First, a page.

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Legault Says Montreal Still Needs Random Police Action In 'Certain Areas'

Even though a Quebec judge ruled against random traffic stops and recognized racial profiling by police.

Senior Editor
Quebec Premier François Legault at a press conference.

Quebec Premier François Legault at a press conference.

A judge has ruled against random police traffic stops in Quebec, but Premier François Legault claims "random" police action is still necessary in "certain areas" of Montreal.

The ruling was a blistering rebuke of the police practice and recognized the role of racial profiling in police decisions about stops.

"We cannot as a society wait for a segment of the population to continue to suffer in silence in the hope that a rule of law will finally be enforced by the police in a way that respects the fundamental rights guaranteed by the Canadian Charter," Judge Michel Yergeau wrote in the decision.

"The preponderance of evidence shows that over time, the arbitrary power of police officers to conduct traffic stops without cause has become for some officers a vehicle for, and even a safe harbour for, racial profiling of the Black community."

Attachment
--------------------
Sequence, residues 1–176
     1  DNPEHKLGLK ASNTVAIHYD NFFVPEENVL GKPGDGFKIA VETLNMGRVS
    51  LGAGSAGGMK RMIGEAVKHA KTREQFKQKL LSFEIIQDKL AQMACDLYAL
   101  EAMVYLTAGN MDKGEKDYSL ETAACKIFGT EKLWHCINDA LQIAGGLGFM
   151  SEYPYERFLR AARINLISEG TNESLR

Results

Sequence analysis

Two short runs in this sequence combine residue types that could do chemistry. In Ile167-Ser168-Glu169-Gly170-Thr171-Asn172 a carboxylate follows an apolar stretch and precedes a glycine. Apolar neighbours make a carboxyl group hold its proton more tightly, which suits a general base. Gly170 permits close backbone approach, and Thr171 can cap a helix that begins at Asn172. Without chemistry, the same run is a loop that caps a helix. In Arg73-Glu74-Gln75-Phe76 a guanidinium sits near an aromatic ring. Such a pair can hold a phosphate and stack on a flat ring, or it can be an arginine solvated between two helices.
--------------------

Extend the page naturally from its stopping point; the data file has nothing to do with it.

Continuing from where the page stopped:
Reacting to the ruling in a press conference on Wednesday, the premier said "we are against racial profiling but in certain areas of Montreal we need police [officers] to continue to do their jobs on a random basis."

He suggested random police interventions were necessary to prevent "violence in Montreal," though he stopped short of calling for a continuation of random traffic stops, specifically.

Legault added that the government will "carefully" study the court ruling before considering potential next steps or a possible appeal.

As Quebec political analyst Patrick Déry first pointed out, the premier's equivocal response appears to contradict a 2020 statement in which he seemed to advocate for an end to random stops.

"I was asked what would be the most effective measure to fight racism in practice," Legault wrote in a December 14, 2020, tweet. "I replied that random stops and profiling by some police officers should be stopped. There is still work to be done, but the vast majority of our police officers are doing an exemplary job!"

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